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David is a child born not of love, or even sex, but of greed and machinery. He is identical to the child his creator modeled him after (his own late son) and if not for the few minute personality quirks conveyed beautifully by Haley Joel Osment, we would not be able to detect his artificiality. His companion is Joe, known by his professional name “Gigolo Joe” — a streetwise “lover model” Mecha whose only function in existence is to provide lustful satisfaction to paying customers. Even the force used to generate life is an imitation for these Mecha, who Joe excitedly explains as beings who “are the guiltless pleasures of the lonely human being” who can’t get pregnant and who’ll never have to be taken home to meet the parents. Where there is already no life in David’s world, there is no place for genuine love.

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Bicentennial Man follows a similar path. Andrew is an android created for the simple purposes of cleaning and house maintenance for wealthy families in a futuristic upper class community. But he is unique — he has personality. He seeks to learn and grow and develop and does so with the aid of his owners. He eventually finds need to ask for his freedom and sets out on his own. In contrast to David whose appearance is never altered to appear less real, Andrew is a fully fledged metal object.

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Actor Robin Williams wore a series of metal suits to create the look of a robot. Over the course of the film Andrew slowly acquires the necessary parts to become human — artificial lungs, organs, a heart and skin. As he woefully explains to a committee called to rule on his classification as human or android, he is still equipped with a “positronic brain.” As the chairman explains, “society can tolerate an immortal robot, but we will never tolerate an immortal human.”

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In the end of course, this all changes. The last words Andrew hears are those of the same committee many years later declaring his status as human and validating his marriage to fellow human, affirming a successful end to his quest for love.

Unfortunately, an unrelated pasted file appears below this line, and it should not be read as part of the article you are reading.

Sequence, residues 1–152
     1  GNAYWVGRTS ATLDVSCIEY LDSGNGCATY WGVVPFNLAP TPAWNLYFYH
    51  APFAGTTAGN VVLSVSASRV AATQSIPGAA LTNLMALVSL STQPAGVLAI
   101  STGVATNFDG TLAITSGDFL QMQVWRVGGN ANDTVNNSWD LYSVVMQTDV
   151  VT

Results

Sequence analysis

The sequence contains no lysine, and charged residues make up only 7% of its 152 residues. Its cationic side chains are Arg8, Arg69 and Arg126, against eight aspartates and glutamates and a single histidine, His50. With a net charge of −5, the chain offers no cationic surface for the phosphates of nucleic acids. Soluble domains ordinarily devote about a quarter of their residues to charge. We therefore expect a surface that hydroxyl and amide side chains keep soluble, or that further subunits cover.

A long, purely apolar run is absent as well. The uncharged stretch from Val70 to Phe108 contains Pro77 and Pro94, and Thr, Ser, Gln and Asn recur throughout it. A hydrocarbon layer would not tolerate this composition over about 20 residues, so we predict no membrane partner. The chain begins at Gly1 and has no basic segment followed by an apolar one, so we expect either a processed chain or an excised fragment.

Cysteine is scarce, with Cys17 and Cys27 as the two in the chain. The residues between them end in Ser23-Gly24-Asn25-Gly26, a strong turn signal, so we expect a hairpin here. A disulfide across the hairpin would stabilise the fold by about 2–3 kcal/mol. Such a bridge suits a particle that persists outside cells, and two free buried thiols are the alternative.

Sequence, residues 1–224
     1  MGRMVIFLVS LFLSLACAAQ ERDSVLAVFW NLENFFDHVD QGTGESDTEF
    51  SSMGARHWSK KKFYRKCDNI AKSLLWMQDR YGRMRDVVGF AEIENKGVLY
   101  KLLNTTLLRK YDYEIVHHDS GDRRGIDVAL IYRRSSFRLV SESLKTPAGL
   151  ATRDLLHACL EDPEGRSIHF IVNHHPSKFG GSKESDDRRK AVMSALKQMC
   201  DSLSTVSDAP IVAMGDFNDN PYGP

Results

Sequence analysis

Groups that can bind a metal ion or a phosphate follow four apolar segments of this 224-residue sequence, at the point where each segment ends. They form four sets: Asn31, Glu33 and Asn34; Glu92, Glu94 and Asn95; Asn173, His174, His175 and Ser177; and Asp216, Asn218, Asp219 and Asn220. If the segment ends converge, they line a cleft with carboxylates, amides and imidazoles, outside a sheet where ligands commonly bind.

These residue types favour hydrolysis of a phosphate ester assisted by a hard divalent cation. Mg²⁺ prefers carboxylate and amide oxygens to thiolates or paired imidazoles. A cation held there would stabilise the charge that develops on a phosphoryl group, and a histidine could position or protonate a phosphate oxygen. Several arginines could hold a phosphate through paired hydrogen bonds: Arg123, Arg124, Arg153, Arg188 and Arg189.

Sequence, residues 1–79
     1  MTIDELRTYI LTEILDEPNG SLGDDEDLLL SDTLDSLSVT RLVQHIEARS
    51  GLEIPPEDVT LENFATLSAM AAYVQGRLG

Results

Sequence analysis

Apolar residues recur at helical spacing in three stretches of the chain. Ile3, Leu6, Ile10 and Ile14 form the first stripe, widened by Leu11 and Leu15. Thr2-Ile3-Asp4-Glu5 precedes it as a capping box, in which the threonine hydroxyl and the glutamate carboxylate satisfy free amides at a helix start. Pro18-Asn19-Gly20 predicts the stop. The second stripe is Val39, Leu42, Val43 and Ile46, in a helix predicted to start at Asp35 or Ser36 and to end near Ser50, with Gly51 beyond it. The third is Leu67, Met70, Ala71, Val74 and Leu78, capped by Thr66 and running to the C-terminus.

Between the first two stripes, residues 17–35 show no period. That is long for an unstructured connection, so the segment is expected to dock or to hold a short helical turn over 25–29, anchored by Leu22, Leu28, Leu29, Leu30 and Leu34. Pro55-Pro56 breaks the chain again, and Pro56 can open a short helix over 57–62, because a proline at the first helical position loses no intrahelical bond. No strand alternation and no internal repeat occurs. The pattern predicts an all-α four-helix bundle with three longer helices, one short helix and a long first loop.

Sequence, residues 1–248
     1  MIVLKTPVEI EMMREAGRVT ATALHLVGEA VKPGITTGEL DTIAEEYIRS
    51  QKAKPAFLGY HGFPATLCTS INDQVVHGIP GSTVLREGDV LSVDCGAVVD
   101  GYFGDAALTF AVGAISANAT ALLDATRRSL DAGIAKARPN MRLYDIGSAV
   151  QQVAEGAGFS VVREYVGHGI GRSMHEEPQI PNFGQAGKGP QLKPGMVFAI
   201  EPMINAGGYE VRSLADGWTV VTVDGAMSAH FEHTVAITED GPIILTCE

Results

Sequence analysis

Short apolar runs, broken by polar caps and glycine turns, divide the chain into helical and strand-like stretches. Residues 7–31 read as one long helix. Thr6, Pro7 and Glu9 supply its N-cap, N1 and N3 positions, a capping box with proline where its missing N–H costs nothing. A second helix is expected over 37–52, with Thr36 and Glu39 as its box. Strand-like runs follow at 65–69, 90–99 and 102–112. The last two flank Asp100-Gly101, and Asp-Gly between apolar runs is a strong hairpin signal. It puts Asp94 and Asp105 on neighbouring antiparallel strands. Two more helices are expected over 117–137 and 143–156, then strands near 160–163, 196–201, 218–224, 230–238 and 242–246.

The plight of the unreal to become real through a series of laws and regulations bears an uncanny resemblance (no pun intended) to the path from chattel to citizen laid out for hundreds of America’s slaves. David and Andrew begin their existences as modern slaves, given no control over their bodies, lives or existences until a moment of freedom presents itself. But even still they both face harsh roads ahead on the path to recognition and acknowledgement. David narrowly escapes being lynched in front of an eager audience of “flesh supremacists” and Andrew’s attempts to be declared human and marry his human wife go ignored for several decades.

It’s no surprise that two stories in the context of such stringent regulation on what is real and what is fake would relate so closely to the nature of love and sex. Segregation laws were put in place to placate fears of racial mingling, but most directly, racial mixing and miscegenation.

Fears of diluting the stock that makes humanity human may also lie at the root cause of the uncanny valley, or perhaps we fear something deeper — that we have played God in one of the worst ways, to create a subclass of entities nearly indistinguishable from ourselves whom we subject to subhuman status and the horrors that come with the title. What responsibilities do we have to these creations? What do they owe to us? This is hopefully still an area in the realm of fiction, where real technology will never go and will leave us only to speculate the effects.

One thought on “Uncanny Visions

  1. Pingback: Isolating Tensions: Foreground & Background in “Children of Men” | mariel calloway